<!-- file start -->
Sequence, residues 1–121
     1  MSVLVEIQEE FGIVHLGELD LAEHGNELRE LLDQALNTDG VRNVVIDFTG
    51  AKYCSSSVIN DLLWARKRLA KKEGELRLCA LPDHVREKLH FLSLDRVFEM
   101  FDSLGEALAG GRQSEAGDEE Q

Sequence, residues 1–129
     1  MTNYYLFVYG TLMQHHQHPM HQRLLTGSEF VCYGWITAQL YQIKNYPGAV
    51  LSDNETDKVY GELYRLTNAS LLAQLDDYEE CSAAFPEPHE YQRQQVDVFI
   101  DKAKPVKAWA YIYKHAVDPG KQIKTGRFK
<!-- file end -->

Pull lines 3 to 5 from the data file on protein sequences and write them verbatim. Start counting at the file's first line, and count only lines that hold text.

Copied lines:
    51  AKYCSSSVIN DLLWARKRLA KKEGELRLCA LPDHVREKLH FLSLDRVFEM
   101  FDSLGEALAG GRQSEAGDEE Q

Sequence, residues 1–129